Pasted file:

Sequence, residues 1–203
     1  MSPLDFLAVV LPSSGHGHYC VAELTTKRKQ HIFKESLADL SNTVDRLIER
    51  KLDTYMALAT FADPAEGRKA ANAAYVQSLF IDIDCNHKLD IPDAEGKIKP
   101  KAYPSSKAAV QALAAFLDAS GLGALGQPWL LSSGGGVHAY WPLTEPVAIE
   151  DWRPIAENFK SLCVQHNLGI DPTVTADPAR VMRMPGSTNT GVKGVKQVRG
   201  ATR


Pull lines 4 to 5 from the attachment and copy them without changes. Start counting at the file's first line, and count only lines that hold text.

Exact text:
   101  KAYPSSKAAV QALAAFLDAS GLGALGQPWL LSSGGGVHAY WPLTEPVAIE
   151  DWRPIAENFK SLCVQHNLGI DPTVTADPAR VMRMPGSTNT GVKGVKQVRG